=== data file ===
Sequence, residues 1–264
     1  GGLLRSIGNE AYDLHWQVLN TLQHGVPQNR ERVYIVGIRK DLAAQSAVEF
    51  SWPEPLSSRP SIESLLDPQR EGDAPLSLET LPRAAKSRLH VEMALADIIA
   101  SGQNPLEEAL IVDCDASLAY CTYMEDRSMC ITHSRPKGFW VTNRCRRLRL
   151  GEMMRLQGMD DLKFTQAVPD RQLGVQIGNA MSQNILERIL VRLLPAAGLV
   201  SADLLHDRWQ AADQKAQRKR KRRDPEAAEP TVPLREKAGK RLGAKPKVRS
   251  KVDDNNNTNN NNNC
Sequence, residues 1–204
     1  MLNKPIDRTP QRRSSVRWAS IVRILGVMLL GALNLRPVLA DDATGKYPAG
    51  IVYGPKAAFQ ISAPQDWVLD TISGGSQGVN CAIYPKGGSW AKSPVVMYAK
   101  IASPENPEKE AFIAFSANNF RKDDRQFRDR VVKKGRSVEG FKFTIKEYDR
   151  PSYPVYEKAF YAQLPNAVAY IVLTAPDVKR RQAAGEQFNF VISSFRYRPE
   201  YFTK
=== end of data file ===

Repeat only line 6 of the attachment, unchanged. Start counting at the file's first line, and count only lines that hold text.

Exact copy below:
   201  SADLLHDRWQ AADQKAQRKR KRRDPEAAEP TVPLREKAGK RLGAKPKVRS